10 Things I Learned During Sabbatical – Part II

Last post I discussed the lessons God taught me during my month long sabbatical and I covered everything from what it means to seek the kingdom to what it means to find true freedom in Christ.

If you missed part one you can check that out here.

10 Things I Learned During Sabbatical – Part II

6. My mom’s death. I was able to take some time of solitude due to my amazing wife and during some time of reflection I realized that I hadn’t fully moved on from my mom’s death. My mom was a force to be reckoned with and much of the life source of my personal drive. There has been a void that I haven’t known how to fill that has left me paralyzed for over a year. Yet, God gently led me to this truth – it was time to move on. I wrote in my journal that I wasn’t to forget her, but that I needed to take her with me and honor her with my days on earth. We know that are days are determined (Job 14:5) and we must fight to live them well. I want to live in a way that glorifies God and that my mom would be proud of when we see each other again.

7. Service. The late Catholic priest, professor, writer and theologian Henri Nouwen was one of my spiritual guides during my time. I dove into a handful of books that he penned that deeply challenged me. There were two lines that seared themselves into my mind. “…it is only as people who are given that we can fully understand our being chosen, blessed, and broken. In the giving it becomes clear that we are chosen, blessed and broken not simply for our own sakes, but so that all we live find its final significance in its being lived for others.” Second, he wrote, “Only when you are emptied – when you have nothing to lose – you will have everything to give.”  To find final significance we must die to ourselves (be emptied) and follow our Savior in coming to serve and not be served (Mark 10:45).

8. Don’t be afraid of the adventure of risk. These were spoken over me by a man I deeply respect as he gave me life wisdom. In a study done by Dr. Anthony Campolo, he asked the elderly, “If you could live your life over again, what would you do differently?”  One of the top responses was “take more risks”. I like to think I take risks, but most of the time they are risks that are barely outside of my comfort zone. We tend to be creatures of comfort that become fearful of the shadows of risks. No more. Life is too short. “Twenty years from now you will be more disappointed by the things you didn’t do than by the ones you did do. So throw off the bowlines. Sail away from the safe harbor. Catch the trade winds in your sails. Explore. Dream. Discover.” Throw off the bowlines people.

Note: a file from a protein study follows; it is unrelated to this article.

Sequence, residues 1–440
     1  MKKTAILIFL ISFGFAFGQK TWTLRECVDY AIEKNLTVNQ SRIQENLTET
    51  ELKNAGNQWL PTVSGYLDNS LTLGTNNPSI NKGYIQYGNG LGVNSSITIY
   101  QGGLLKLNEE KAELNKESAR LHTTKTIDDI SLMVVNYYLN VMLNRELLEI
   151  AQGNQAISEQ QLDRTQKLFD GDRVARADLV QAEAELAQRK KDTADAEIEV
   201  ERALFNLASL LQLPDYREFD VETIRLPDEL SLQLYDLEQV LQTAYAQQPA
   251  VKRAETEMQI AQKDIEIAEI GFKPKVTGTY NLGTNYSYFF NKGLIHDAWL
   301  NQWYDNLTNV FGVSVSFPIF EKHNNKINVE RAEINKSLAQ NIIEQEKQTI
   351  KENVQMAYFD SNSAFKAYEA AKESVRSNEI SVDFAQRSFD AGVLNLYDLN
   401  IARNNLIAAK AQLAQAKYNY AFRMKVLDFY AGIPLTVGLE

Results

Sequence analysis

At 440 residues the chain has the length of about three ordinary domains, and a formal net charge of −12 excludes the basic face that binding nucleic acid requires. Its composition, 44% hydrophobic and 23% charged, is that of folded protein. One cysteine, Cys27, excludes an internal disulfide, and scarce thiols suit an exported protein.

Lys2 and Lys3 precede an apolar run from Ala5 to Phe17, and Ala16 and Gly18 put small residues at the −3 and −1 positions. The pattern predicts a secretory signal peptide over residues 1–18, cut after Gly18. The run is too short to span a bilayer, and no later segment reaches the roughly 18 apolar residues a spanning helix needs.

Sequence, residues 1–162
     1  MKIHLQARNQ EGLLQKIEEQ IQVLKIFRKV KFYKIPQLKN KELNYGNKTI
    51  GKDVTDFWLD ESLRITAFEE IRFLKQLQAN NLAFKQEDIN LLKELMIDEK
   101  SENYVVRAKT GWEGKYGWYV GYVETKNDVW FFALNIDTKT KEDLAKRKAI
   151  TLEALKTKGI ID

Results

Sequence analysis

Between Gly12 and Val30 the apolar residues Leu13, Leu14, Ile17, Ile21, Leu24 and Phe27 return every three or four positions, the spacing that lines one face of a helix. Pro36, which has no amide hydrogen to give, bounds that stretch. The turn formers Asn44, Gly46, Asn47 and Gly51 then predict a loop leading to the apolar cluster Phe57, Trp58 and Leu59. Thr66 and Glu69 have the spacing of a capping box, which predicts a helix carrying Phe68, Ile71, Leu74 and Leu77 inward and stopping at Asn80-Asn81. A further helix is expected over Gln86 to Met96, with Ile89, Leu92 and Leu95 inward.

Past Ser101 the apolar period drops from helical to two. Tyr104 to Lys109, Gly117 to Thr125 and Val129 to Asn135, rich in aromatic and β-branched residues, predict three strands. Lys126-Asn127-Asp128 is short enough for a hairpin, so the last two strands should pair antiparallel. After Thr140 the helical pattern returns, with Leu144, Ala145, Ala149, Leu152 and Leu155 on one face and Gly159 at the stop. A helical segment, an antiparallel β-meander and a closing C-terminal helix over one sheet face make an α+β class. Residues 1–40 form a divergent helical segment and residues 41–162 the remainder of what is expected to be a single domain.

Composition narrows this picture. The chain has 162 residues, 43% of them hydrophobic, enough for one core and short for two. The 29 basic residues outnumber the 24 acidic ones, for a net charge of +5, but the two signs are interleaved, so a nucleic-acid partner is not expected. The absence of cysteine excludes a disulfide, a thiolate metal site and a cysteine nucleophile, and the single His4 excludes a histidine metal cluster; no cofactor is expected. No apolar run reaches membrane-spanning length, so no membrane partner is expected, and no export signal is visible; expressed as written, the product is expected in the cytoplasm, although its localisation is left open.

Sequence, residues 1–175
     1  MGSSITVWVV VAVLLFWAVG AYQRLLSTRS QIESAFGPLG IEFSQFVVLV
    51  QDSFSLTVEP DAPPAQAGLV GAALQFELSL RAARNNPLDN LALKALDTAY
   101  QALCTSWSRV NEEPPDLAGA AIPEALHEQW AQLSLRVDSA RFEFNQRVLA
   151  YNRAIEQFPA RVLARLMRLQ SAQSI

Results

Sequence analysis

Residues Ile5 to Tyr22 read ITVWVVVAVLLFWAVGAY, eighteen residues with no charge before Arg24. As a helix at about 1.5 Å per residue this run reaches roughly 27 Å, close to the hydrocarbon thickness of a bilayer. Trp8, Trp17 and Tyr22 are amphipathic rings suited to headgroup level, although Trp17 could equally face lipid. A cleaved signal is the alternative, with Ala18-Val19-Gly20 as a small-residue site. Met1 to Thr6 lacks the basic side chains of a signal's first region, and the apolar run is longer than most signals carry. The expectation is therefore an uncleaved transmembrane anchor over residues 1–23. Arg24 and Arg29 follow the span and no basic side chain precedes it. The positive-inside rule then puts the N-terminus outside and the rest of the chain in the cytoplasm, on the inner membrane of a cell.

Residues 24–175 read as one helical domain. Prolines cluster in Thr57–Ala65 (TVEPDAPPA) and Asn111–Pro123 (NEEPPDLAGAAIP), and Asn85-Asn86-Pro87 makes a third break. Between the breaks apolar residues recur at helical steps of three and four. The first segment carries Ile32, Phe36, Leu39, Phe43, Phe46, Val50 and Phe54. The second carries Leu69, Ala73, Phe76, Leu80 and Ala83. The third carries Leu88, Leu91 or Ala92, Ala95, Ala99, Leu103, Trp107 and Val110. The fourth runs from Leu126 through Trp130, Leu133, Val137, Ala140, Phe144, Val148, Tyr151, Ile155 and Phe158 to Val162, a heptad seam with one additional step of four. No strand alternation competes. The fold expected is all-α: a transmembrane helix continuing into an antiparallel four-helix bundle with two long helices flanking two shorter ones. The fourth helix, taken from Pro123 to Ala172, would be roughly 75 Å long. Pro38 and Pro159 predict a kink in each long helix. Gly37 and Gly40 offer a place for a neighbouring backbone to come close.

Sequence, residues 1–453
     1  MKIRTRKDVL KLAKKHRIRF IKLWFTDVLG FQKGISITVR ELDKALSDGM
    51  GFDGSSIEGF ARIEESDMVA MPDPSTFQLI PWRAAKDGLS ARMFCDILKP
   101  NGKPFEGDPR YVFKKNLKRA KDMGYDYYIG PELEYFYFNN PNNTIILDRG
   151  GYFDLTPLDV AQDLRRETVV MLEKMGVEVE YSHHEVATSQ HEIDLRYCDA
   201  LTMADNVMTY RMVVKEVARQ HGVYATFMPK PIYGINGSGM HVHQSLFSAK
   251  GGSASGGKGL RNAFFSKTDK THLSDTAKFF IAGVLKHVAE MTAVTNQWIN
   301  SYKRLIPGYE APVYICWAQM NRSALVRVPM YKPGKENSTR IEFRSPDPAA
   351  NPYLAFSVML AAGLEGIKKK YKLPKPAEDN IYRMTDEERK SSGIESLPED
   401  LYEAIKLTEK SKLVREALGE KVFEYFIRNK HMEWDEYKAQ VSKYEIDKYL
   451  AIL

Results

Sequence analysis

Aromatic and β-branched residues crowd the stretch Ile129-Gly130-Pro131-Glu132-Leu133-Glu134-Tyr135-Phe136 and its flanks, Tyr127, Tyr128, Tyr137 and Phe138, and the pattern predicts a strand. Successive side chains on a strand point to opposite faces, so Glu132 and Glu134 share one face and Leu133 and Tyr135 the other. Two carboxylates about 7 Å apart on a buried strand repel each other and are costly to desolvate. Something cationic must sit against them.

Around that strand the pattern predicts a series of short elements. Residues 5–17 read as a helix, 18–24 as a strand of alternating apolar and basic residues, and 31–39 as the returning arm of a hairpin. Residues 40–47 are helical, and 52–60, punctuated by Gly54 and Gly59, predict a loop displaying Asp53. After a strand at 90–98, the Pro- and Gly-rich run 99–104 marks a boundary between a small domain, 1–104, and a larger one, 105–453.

9. Happiness. I spent an inordinate amount of time studying happiness. What makes us happy? And I’m not talking a shallow, American version of happiness. I’m talking about deep, God-grounded, Christ-exalting joy that flows out into the happy life. For the Christian, God is the source of our happiness, but practically how do we stir up this happiness within us? God’s word speaks often of this if we would only look for it. Happiness is found in delighting in the Word, meditating upon it day and night, prayer  (Ps. 1), companionship (Acts 2), eating, drinking (in moderation people), laughing, enjoying one’s work (all of Ecclesiastes), appreciating nature (Ps. 19:1), giving yourself away (Acts 20:35), children (Ps. 137:5-7), and obeying the teachings of Jesus (Matt. 5-7).

10. Be Yourself. In a similar study to Dr. Campolo’s that I mentioned above, there was a book written titled The Top Five Regrets of the Dying. One of the regrets was not having the courage to live a life true to themselves and caving into what others expected of them. I have spent a lot of my life trying to be someone else, live up to others expectations of me and, at times, hating myself for not being something other than what I am. Guys, you can’t be anyone but who God made you to be. Sure, you can become a more sanctified version of yourself, a more godly version, but be free to be distinctively you. Ironically, it’s only through self-acceptance (understanding who God is and who He made you to be) that we can truly become who God desires us to be. It was David Benner who wrote, “Self-acceptance always precedes genuine self-surrender and self-transformation.” You have been knit together personally by God who has fearfully and wonderfully made you (Psalm 139). Live the life that only you can live. Offer the gifts that only you can offer. You and the world you inhabit will be better off because of it.

Overall, the sabbatical was great, but I realized that the fruit of silence and solitude can only be tested in the furnace of activity. We were not built to be isolated, we were created for community. We were not made for rest alone, but to work six days and rest one. It’s within the crucibles of every day life that produce fruit, not its ease.

Now on to work and the 800+ emails waiting for me in my inbox!

 

 

 

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